Reposted from LewRocwell.com
According to GAO, TSA inspectors spend 33% of their time inspecting, 8% on incidents, 5% investigating, 5% on “outreach,” and 49% of their time on “other.” Other?
10% of useable TSA equipment (worth millions) in transit is stored for 2 years or more due to poor logistical processes.
During the first 3 months of 2007, the TSA Logistics Center received eight explosive detection systems units at a cost of about $7 million. As of January 2009, all eight explosive detection systems units remained in storage at the Logistics Center.
In December of 2009 TSA leaked a full copy of its 2008 S.O.P., screening protocol, and other security standards onto the internet.
In June 2007, investigators testing the TSA checkpoint screening process were able to smuggle prohibited items past security despite passing through secondary screening and pat-downs.
TSA has not deployed any of the 10 technologies it has created since 2002.
In 2006, TSA screened 708,400,522 passengers in U.S. airports.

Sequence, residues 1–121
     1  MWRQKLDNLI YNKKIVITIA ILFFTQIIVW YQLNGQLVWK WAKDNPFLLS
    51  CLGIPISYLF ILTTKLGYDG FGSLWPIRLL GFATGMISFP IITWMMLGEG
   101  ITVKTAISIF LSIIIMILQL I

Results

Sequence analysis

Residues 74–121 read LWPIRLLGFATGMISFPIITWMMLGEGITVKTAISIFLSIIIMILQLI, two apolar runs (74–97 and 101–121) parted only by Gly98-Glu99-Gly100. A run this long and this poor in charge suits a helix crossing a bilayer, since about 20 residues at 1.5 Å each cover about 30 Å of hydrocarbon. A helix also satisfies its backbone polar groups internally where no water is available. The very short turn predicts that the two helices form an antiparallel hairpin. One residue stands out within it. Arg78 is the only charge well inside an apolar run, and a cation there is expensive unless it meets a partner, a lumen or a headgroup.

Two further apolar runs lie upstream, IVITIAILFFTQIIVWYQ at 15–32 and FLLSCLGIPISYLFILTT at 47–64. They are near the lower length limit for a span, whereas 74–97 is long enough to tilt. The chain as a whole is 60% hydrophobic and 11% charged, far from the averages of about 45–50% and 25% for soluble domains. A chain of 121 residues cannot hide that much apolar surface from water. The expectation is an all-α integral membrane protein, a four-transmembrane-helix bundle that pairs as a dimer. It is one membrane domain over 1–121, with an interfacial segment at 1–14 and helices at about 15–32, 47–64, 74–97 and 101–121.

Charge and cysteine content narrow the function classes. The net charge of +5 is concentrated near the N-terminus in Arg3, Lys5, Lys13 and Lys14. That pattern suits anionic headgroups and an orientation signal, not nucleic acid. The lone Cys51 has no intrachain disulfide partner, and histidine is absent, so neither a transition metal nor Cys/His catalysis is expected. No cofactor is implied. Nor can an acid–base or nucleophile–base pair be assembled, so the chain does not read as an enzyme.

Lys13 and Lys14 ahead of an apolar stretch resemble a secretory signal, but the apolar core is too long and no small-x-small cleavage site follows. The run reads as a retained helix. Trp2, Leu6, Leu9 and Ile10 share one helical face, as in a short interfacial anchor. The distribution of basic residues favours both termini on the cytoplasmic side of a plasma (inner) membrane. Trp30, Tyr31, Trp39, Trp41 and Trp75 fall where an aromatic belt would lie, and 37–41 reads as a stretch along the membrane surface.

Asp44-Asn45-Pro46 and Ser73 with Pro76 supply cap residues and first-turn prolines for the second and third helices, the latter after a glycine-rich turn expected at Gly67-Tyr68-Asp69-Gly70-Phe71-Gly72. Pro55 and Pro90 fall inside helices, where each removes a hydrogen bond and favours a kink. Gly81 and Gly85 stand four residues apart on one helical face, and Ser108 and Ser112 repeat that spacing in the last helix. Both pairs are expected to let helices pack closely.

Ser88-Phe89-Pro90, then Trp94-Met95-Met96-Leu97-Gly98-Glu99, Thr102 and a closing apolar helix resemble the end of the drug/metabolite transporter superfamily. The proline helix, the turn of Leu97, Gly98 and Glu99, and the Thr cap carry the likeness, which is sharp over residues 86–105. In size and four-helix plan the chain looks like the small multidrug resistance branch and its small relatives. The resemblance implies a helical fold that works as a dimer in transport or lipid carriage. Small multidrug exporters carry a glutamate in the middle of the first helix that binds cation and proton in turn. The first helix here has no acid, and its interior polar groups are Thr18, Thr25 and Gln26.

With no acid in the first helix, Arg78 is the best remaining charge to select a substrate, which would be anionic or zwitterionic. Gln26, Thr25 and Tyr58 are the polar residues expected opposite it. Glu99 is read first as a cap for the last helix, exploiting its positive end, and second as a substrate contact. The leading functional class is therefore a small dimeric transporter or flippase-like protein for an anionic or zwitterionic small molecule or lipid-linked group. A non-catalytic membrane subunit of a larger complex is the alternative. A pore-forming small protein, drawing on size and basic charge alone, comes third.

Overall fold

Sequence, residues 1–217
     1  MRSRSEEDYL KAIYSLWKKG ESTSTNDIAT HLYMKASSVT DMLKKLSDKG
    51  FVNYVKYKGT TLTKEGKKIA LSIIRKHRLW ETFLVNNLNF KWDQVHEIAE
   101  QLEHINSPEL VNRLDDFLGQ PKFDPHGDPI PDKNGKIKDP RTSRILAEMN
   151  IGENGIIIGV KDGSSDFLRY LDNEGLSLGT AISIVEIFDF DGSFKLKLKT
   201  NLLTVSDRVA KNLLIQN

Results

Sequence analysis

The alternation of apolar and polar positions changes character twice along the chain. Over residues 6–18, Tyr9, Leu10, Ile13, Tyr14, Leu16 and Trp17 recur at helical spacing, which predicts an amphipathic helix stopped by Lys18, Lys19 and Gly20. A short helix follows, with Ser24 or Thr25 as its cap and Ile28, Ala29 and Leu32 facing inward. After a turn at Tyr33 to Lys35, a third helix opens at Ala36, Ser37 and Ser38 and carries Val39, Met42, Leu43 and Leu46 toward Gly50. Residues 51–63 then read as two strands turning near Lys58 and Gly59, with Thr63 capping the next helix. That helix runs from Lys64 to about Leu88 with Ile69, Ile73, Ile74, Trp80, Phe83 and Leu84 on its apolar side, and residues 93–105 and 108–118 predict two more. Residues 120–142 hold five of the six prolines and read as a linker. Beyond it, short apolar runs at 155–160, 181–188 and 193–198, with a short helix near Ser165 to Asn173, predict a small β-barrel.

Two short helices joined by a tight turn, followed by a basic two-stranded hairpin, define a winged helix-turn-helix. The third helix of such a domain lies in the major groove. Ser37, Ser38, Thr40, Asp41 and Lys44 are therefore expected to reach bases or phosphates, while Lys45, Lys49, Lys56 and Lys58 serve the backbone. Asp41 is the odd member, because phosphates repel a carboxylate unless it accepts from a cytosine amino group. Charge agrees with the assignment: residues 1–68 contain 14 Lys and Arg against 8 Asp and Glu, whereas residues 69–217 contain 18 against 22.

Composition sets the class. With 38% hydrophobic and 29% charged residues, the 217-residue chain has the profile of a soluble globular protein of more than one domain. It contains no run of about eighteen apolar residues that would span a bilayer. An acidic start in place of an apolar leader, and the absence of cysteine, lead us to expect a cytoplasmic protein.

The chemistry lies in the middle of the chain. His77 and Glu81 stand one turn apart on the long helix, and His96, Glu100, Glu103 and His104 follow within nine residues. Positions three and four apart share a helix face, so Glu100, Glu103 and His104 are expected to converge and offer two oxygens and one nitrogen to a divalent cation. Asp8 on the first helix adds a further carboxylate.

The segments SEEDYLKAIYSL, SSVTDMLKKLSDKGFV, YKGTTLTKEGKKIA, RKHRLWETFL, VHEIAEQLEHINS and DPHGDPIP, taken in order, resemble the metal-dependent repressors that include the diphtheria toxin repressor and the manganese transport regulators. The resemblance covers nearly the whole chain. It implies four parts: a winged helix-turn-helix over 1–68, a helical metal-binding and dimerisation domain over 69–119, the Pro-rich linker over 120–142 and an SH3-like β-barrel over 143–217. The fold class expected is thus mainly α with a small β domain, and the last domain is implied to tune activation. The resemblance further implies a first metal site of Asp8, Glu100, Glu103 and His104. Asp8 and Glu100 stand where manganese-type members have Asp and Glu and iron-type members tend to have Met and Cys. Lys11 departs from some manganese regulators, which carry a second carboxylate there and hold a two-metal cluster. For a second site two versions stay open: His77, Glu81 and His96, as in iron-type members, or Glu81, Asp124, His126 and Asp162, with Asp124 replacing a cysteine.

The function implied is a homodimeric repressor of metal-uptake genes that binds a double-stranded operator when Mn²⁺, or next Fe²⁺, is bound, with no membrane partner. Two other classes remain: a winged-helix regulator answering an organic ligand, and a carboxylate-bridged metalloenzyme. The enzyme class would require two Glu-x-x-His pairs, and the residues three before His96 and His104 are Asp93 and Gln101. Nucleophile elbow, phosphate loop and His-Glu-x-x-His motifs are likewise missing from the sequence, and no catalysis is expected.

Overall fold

In 2006, TSA screened 535,020,271 pieces of checked luggage.
TSA opens 16% of checked luggage (over 85million bags) to screen for prohibited items.
TSA confiscated 13,709,211 items in 2006.
In 2006, TSA confiscated 11,616,249 lighters. Lighters can now be brought on planes.
President Bush signed the Intelligence Reform and Terrorism Prevention Act in 2004, which banned butane lighters from flights.
TSA’s website recommends that travelers with small children ‘do not pass [their] child to our security officer to hold.
In 2007 a man traveling to NYC from Puerto Rico smuggled a baby alligator in his pants.
As of Dec. 7, 2009, TSA is still in the planning stages for 100% checked baggage screening at many airports.
The 9/11 Act gives TSA the responsibility to ensure that the airline industry screens 100 percent of the cargo on passenger aircraft by August 2010.
As of March 18, 2009, all cargo on small body aircraft only went through daily screening procedures.
TSA paid out $98 million in bonuses and pay raises in 2008.
TSA randomly stops passengers at city subway and bus stations to screen for explosive materials.
The TSA VIPR program is meant to deter terrorists from attacking public transportation through random screenings.
50% of part-time TSA Screeners quit their job in 2006.
20% of part-time screeners left their job in 2008.